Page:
The chief's daughter
Polistra is reading p. 291 of the WPA Guide to Oklahoma:Right from Pawhuska on an unimproved dirt road is the CHIEF SAUCY CHIEF HOMESTEAD.
Nellie, the daughter of the chief, was the first Osage to be given Christian burial. She contracted pneumonia in 1885 at the Carlisle Indian School in Pennsylvania and was sent home, where she died. Major Laban J. Miles, the Osage Agent at that time, persuaded her parents to conduct the Christian rites rather than their customary procedure of burying the dead in a sitting posture on the summit of a hill. However, the Indians kept their own mourning customs, the chief wearing only a white sheet, moccasins and breechclout for a three-and-a-half-month period, despite the snow-covered ground. In preparation for the three-day dance which was to end the mourning observance, the funeral party rode out solemnly to capture the scalp of a town merchant who had ingratiatingly decided to submit himself to a mock scalping; he allowed the Indians to cut off his forelock minus the traditional accompaniment of skin. Major Miles was accorded the honor of leading the group, much to the amazement of Pawhuska citizens who saw him riding into town holding the scalp-pole with the hair flying from its top. After Saucy Chief had been bathed and dressed in warm blankets, the dance began.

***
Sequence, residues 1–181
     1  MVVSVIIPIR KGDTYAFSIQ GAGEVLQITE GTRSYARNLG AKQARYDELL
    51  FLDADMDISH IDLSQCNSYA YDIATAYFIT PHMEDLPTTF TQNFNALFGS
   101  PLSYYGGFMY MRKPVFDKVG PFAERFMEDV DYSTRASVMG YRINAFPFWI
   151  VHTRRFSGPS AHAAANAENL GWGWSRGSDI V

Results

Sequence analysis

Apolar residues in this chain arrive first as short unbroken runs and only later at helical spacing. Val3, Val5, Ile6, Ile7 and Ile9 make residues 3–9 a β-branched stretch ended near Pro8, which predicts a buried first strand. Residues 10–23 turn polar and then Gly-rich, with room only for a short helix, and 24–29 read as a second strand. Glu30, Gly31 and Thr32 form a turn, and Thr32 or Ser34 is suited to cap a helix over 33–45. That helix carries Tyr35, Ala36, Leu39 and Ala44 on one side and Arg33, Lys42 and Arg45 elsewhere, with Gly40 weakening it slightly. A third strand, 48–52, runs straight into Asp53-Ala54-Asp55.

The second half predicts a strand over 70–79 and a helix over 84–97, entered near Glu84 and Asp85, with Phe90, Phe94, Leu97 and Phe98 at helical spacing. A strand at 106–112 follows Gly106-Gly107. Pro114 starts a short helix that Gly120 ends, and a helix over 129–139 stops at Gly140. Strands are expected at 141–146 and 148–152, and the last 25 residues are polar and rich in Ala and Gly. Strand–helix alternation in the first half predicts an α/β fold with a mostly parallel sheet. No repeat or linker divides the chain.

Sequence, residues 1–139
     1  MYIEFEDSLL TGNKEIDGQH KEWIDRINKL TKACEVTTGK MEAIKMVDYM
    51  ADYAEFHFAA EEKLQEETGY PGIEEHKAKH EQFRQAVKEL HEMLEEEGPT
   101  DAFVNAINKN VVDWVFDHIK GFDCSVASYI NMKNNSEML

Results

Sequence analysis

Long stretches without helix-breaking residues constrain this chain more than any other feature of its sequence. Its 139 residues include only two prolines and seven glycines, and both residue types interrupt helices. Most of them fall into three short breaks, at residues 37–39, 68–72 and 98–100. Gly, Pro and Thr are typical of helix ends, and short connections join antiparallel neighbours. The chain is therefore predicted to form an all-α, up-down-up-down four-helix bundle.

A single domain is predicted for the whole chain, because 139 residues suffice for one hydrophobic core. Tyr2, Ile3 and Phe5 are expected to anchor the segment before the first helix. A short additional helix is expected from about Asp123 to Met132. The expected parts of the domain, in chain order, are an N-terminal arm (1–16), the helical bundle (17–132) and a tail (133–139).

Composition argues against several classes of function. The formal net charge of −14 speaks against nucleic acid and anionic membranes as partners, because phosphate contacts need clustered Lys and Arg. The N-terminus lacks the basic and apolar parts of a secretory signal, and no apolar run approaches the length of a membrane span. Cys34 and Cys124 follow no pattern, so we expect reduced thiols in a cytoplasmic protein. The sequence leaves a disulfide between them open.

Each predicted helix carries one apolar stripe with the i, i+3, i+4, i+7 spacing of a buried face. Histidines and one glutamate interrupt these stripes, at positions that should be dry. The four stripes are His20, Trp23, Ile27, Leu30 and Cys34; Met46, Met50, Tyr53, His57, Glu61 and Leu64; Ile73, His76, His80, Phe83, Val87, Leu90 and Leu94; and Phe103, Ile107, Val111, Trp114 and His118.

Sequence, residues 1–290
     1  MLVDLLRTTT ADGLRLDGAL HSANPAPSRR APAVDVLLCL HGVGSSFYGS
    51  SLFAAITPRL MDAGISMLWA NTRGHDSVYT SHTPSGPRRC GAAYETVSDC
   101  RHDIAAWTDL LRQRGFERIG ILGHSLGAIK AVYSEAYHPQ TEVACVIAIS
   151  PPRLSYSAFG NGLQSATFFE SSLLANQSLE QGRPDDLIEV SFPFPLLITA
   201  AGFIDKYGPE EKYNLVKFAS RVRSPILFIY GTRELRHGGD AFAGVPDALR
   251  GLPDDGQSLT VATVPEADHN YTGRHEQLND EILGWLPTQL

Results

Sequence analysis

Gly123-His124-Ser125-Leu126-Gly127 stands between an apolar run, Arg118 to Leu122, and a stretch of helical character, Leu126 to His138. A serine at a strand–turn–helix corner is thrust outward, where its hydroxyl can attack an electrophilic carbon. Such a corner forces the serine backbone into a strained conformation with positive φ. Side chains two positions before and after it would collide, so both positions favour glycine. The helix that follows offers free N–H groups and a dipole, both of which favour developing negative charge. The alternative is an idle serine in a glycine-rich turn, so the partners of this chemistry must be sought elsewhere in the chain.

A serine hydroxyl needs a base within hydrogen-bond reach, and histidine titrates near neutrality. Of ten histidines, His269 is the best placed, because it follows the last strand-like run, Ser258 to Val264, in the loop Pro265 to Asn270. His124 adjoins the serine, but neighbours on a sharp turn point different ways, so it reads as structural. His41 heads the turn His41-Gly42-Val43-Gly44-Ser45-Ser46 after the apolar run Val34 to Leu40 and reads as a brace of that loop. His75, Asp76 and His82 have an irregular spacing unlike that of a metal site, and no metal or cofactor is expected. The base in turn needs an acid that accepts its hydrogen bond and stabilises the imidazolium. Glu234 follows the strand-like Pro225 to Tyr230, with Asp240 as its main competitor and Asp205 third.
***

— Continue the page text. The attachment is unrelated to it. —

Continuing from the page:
Nellie's death had been properly observed, and her spirit sent on its journey with the blessing of both the white and red man's ritual.